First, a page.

Since the end of her 2013 mission, Nyberg has worked for NASA in the Space Shuttle branch, the Exploration branch, and as Chief of the Robotics branch.[11]

Nyberg retired from NASA in March 2020.[12][13]

Personal life

Nyberg's hometown is Vining, Minnesota. She is of Norwegian ancestry.[14][15] She is married to fellow astronaut Doug Hurley and they have a son.[16] They reside together in League City, Texas. Her recreational interests include running, sewing, drawing and painting, backpacking, piano, and spending time with her family.[2]

Awards and honors

She has won a host of awards including the UND Young Alumni Achievement Award (2004); Space Act Award (1993); NASA JSC Patent Application Award (1993); NASA Tech Briefs Award (1993); NASA JSC Cooperative Education Special Achievement Award (1994); Joyce Medalen Society of Women Engineers Award (1993–94); D.J. Robertson Award of Academic Achievement (1992) and University of North Dakota School of Engineering & Mines Meritorious Service Award (1991–1992).[2]

She was awarded the NASA Distinguished Service Medal in 2014. It is the highest form of recognition by NASA for Government employees.[17]


  1. ^ "Astronaut Biography: Karen L. Nyberg". Space.com. July 28, 2006. Retrieved January 13, 2024.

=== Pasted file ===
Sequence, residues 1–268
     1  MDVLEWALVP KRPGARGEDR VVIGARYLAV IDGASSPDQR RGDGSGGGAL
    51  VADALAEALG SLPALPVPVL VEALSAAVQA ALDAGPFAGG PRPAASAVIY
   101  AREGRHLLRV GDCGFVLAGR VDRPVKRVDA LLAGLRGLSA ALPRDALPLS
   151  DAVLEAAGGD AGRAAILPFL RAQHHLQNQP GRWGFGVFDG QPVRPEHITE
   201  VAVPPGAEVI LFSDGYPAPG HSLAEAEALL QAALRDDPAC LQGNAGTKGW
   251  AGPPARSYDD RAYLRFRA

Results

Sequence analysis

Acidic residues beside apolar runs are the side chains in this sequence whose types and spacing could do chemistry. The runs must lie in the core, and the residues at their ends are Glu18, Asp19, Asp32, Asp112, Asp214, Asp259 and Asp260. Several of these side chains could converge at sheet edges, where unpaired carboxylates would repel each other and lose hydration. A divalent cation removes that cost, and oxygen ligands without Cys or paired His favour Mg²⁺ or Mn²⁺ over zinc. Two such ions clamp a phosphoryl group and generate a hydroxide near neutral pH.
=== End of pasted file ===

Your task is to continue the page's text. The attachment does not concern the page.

2. ^ a b c d e "Astronaut Bio: Karen L. Nyberg". March 2016. Retrieved April 19, 2021.
  3. ^ "Karen Nyberg". March 26, 2007. Archived from the original on September 30, 2007. Retrieved April 23, 2007.
  4. ^ NASA (2006). "NASA Uses Undersea Lab to Prep for Future Space Exploration". NASA. Retrieved September 23, 2011.
  5. ^ "NASA Space Simulation and Training Project: NEEMO 10". May 18, 2010. Archived from the original on March 30, 2012. Retrieved September 23, 2011.
  6. ^ NASA Assigns Crew for STS-132 Space Shuttle Mission NASA release : 09-105 – May 14, 2009
  7. ^ NASA Assigns Crew for STS-134 Shuttle Mission, Change to STS-132 NASA release : 09-187 – August 11, 2009
  8. ^ Ken Kremer (June 16, 2013). "Cosmonaut Valentina Tereshkova; 1st Woman in Space 50 Years Ago! Ready for Mars". Universe Today.
  9. ^ Robert Z. Pearlman (September 29, 2013). "'Made in Space!' Astronaut Sews Dinosaur Toy from Space Station Scraps". CollectSpace.
  10. ^ "NASA - Expedition 36-37 Flight Engineer Karen Nyberg". www.nasa.gov. Retrieved October 1, 2017.
  11. ^ Whiting, Melanie (March 3, 2016). "Karen L. Nyberg (PH.D.) NASA Astronaut". NASA. Retrieved October 1, 2017.
  12. ^ Avedisian, Wendy (March 31, 2020). "Veteran Astronaut Karen Nyberg Retires from NASA". NASA. Retrieved April 1, 2020.
  13. ^ Avedisian, Wendy (March 31, 2020). "Veteran Astronaut Karen Nyberg Retires from NASA". NASA. Retrieved April 1, 2020.
  14. ^ Nyberg, Karen L. [@astrokarenn] (May 10, 2013). "@GnarkillHewra Norwegian. Ancestors of both my mother & father settled in Minnesota" (Tweet). Retrieved July 26, 2017 – via Twitter.
  15. ^ NRK (May 29, 2013). ""Norske" Karen til verdensrommet". NRK (in Norwegian). Retrieved July 26, 2017.
  16. ^ Berger, Eric (November 18, 2013). "NASA family out of this world: Astronaut parents disprove that the sky's the limit when it comes to raising their son at home". Houston Space Chronicle. Retrieved November 24, 2013.
  17. ^ "2014 Agency Honor Awards" (PDF). NASA. p. 4. Retrieved July 29, 2021.